Zimbabwe’s biggest flour producer to close mills due to foreign currency shortage

By Gill Hyslop

- Last updated on GMT

Ten billion dollars, fifty billion dollars, even fifty trillion dollars - some of the Zim's banknotes after hyperinflation. Pic: ©GettyImages/swisshippo
Ten billion dollars, fifty billion dollars, even fifty trillion dollars - some of the Zim's banknotes after hyperinflation. Pic: ©GettyImages/swisshippo

Related tags Zimbabwe Bread National foods Tiger Brands Flour

National Foods – one of the largest food manufacturers in Zim – is closing two of its mills in Harare and Bulawayo, citing foreign currency shortages.

The company – jointly owned by Tiger Brands (South Africa’s largest food company) and Harare-listed Innscor Africa (which also runs a bakery and confectionery unit) – announced it will be shutting the mills doors because it had been unable to pay its suppliers due to a crippling shortage of foreign currency.

Zimbabwe – which abandoned its own currency in 2009 to use a basket of currencies mostly led by the US dollar – is in a serious economic bind, with food, foreign currency, fuel and medical supplies in short supply.

The closure of the company’s flour mills comes despite the government confirming the country has enough stocks of wheat to cover the next four months.

Information, Publicity and Broadcasting Services Acting Minister Mangaliso Ndlovu said Zim’s wheat supply was now stable.

Bread shortage

However, the indefinite shutdown of the milling operations is expected to further affect the country’s supply of bread, already in the balance with a recent price hike from $1.10 for a standard loaf to $1.50.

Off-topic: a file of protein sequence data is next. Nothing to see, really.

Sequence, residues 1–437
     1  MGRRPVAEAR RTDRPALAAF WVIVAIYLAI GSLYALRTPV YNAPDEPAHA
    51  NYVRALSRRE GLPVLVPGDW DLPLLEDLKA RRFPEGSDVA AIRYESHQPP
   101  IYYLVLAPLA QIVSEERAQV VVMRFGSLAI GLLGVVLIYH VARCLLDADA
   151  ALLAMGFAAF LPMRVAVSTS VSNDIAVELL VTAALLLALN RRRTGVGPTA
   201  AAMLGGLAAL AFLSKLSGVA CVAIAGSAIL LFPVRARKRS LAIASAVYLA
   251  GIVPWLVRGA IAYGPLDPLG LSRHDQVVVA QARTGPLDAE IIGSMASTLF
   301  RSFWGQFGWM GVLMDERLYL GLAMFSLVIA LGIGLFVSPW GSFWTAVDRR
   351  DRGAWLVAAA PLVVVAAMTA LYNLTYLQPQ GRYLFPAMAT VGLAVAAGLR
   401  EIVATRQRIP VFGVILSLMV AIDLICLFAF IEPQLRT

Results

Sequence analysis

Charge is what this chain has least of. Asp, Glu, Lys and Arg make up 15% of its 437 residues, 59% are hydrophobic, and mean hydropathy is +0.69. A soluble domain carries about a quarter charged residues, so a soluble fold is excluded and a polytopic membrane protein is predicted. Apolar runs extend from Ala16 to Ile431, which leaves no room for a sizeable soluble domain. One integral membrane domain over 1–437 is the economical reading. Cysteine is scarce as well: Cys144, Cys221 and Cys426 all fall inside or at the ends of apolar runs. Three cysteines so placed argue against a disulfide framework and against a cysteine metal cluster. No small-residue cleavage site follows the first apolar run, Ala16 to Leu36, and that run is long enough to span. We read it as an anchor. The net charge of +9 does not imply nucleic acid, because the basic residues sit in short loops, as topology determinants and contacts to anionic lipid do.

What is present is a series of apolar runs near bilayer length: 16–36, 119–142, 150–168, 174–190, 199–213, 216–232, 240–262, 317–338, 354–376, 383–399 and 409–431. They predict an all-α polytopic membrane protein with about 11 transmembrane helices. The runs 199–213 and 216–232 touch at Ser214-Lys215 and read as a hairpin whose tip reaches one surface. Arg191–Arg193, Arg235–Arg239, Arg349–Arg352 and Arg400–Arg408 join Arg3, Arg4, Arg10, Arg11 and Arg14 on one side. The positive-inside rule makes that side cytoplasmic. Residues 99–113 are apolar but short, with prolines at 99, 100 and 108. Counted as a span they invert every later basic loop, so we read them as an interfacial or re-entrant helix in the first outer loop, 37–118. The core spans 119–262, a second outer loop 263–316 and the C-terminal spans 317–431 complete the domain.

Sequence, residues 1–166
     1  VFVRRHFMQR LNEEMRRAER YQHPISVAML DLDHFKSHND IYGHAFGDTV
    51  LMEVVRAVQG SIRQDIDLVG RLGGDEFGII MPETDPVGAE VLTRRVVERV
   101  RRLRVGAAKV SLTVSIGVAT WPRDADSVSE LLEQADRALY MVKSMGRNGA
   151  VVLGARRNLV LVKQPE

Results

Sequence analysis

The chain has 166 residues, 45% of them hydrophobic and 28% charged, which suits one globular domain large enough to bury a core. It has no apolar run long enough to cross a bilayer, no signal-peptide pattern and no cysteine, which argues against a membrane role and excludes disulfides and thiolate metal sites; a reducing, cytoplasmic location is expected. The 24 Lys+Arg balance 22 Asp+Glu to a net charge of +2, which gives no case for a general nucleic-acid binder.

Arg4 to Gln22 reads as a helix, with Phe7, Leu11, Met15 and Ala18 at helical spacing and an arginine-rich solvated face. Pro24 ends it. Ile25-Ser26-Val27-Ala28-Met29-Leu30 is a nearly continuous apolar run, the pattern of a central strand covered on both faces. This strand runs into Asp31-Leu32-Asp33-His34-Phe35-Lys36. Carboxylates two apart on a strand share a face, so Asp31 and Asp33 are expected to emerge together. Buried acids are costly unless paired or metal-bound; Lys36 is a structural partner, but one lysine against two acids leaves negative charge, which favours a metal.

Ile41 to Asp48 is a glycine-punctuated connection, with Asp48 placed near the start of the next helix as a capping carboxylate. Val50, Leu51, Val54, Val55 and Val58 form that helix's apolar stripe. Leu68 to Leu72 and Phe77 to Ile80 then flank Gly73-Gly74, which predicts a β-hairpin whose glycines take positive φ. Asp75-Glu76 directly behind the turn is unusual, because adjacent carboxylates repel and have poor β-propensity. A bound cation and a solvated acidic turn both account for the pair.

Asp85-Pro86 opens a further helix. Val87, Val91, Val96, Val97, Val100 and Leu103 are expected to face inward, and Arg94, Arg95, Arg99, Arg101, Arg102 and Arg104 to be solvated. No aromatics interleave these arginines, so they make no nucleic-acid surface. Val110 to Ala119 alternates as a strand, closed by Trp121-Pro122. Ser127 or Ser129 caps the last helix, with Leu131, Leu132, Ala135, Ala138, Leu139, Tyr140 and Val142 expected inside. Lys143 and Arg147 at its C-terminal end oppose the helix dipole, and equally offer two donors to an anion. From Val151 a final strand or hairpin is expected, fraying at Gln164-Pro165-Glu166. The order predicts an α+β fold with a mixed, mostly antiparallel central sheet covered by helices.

In a letter to stakeholders, Michael Lashbrook, CEO of National Foods, said the two facilities will still mill the limited stock of wheat it has in the works, but anticipated shutting operations within a few days.

“As you are well aware, the nation has been facing foreign currency shortages for some time. As a consequence, National Foods has faced difficulties in settling its foreign wheat suppliers,” ​said Lashbrook.

‘Due to delays … our wheat suppliers have instructed National Foods to cease draw-down of wheat stocks.

“Our suppliers regret having to take this position but have themselves reached the point where they cannot fund their businesses,”​ he said.

Lashbrook added National Foods is working with the country’s authorities to resolve the foreign payment issue.

“We would like to reassure you that we have a full pipeline of both imported and local wheat booked and that once payment is made, we will immediately restart milling operations,” he said.

Apart from its maize and flour milling operations, National Foods produces snacks, poultry products and edible oils.

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